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‘Ralph Breaks the Internet’ flips the script on Disney princesses

November 20, 2018

With apologies to animators, the real art in making a successful family film is to be able to entertain adults and children simultaneously without the elements aimed at one interfering with the enjoyment of the other. Ralph Breaks the Internet delivers this tricky twofer.

Full of energy and action for the young set, the sequel to Wreck-It Ralph is laced with jokes and visual references that only grown-ups will catch. These include a snarky put-down of the misogynistic portrayal of Disney princesses and tributes to recently deceased Marvel Comics icon Stan Lee and happy trees painter Bob Ross. While an overcharged climactic action sequence hinting at King Kong goes on a tad too long for most adult tastes the same could be said about the first movie theres more than enough fun to make up for it.

For those who missed the 2012 original, it was set in the world of arcade video games, with characters coming to life much as they did in Toy Story, but in a universe of boundless images, sounds and actions. The sequel moves to the internet, where the filmmakers imaginations once again can run rampant.

Some background: Ralph (voiced by John C. Reilly) is a Paul Bunyan-esque figure whose role in the video game is to punch holes in a building so the handyman hero can rush in and save the day. Ralphs best friend is Vanellope (Sarah Silverman), a driver in a racing game.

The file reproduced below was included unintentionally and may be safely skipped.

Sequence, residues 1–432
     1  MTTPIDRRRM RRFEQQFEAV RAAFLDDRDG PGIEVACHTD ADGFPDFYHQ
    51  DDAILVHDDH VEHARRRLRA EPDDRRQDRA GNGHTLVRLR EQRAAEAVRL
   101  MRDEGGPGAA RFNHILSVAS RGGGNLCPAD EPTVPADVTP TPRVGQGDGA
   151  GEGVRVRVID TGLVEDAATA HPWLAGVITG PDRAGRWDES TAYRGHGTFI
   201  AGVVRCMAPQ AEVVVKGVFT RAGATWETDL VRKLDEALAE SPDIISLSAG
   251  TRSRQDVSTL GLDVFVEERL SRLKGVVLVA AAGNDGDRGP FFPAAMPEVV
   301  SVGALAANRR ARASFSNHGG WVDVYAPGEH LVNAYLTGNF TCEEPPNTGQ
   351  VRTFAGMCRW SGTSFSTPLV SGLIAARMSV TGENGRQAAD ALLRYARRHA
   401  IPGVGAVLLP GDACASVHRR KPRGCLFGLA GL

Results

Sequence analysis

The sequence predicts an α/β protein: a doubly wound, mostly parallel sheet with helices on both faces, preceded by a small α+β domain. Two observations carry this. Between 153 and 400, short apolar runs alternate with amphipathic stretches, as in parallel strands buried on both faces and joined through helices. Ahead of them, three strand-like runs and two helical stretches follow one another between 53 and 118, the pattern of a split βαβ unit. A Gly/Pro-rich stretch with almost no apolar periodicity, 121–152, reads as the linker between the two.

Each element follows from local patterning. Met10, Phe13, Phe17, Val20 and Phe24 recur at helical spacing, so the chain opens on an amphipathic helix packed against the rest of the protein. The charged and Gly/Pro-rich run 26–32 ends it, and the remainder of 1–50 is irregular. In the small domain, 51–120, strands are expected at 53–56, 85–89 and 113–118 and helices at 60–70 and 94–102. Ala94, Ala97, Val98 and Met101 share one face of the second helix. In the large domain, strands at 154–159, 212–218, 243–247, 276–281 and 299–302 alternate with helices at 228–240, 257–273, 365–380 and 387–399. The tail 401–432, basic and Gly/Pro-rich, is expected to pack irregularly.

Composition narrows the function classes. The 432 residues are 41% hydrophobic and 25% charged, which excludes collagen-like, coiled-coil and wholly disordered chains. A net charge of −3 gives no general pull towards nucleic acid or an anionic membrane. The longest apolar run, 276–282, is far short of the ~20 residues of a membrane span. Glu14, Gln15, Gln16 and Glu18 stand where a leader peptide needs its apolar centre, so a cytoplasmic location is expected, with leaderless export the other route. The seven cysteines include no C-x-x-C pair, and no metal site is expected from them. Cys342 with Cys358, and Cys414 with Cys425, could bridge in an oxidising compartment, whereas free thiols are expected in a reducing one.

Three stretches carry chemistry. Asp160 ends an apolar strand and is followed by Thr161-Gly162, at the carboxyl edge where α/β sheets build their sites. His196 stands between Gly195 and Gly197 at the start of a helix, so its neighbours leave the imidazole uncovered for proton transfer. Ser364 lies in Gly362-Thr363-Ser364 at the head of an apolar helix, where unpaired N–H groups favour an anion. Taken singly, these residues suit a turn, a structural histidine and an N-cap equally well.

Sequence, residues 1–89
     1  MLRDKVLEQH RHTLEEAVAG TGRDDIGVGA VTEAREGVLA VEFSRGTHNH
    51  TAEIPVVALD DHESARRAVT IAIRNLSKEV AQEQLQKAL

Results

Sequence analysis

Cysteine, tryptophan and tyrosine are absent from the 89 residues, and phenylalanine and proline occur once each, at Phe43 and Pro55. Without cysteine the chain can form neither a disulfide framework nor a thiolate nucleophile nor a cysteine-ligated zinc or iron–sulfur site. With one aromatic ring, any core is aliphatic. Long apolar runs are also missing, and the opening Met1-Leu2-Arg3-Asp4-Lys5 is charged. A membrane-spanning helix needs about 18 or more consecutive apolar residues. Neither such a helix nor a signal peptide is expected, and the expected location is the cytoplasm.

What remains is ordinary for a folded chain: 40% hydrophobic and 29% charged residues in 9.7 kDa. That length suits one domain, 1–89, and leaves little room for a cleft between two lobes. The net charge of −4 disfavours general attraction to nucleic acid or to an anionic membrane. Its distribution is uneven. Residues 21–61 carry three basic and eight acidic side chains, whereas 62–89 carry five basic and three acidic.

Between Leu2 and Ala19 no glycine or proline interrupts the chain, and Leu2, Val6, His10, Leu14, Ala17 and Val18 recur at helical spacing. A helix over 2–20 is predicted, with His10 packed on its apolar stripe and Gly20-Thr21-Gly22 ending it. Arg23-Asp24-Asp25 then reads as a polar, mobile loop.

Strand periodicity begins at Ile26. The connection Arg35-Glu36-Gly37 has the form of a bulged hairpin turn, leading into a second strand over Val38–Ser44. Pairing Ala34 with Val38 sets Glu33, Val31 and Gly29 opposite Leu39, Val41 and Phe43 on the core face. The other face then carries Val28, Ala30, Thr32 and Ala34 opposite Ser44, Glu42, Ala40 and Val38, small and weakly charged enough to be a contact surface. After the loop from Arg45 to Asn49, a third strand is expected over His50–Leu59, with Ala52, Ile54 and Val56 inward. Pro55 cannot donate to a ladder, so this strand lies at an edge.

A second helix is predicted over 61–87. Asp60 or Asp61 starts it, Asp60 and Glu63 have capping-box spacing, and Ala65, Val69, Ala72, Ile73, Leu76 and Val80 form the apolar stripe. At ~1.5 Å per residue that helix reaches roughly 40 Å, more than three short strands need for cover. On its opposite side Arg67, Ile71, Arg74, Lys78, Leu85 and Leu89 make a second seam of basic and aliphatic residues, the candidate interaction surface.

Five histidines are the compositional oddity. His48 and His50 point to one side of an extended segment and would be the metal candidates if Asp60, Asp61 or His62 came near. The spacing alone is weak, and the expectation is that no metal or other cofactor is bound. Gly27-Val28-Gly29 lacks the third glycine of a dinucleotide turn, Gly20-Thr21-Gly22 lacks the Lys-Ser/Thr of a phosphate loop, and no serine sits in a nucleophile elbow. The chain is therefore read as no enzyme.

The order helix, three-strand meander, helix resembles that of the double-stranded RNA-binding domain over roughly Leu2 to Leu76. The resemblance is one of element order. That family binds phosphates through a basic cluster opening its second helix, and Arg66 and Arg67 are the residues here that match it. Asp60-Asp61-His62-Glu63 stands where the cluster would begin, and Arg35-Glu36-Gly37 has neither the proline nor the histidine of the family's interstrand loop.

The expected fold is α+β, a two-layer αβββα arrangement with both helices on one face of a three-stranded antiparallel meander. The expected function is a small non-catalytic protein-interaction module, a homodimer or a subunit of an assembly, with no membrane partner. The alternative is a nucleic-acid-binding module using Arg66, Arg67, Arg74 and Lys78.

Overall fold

The sequel is set in motion when Vanellopes game breaks and the owner of the arcade decides to junk it rather than try to fix it. Frantic that their friendship is doomed, Ralph and Vanellope learn of a place called the internet where they might find a replacement for the broken piece. They have no idea what the internet is, but that doesnt stop them from finding a Wi-Fi link and climbing aboard.

Written and directed by Rich Moore and Minneapolis native Phil Johnston (the same team behind the original), the movies depiction of the internet is over-the-top fabulous. Websites (such as eBay, where our heroes are told theyll find the part they need) are depicted as Space Age buildings, and the internet users are avatars that come in all shapes, sizes and designs.

Much of the adult-oriented humor comes from poking fun at the foibles of the internet. One of the first places Ralph and Vanellope visit is the information desk, where a professorial character named KnowsMore interrupts them after every word trying to guess what their next word is going to be and is always wrong. And every time they turn around, a shady-looking huckster jumps in front of them, trying to sell them something.

As they wander the e-verse, they discover an online racing game and Vanellope strikes up a kinship with a driver named Shank (Gal Gadot). Meanwhile, Ralph is enticed by Yesss (Taraji P. Henson), the flamboyant head algorithm of a BuzzFeed-like site, who convinces him that with a little prudent marketing, he can cash in on his buffoonish appearance.

Jane Lynch is back from the first movie, but only for a couple of scenes. The same goes for Ed ONeill. Many well-known voices make cameos, among them Vin Diesel, Brad Garrett, Kristen Bell and Mandy Moore.

Filmmakers Moore and Johnston arent afraid to take a little nip out of the Disney hand that feeds them. In one scene, Vanellope stumbles into a Which Disney Princess Are You? website, where she discovers the young women everyone from Snow White to Ariel to Elsa hanging out in a backroom between shows. They ask incredulously, Do people think all your problems are solved because some big, strong man showed up?

Having Ralph show up may not solve all our problems, but at least it makes us forget about them for a while. Ralph Breaks the Internet breaks us up.

Jeff Strickler 612-673-7392 @stribstrick

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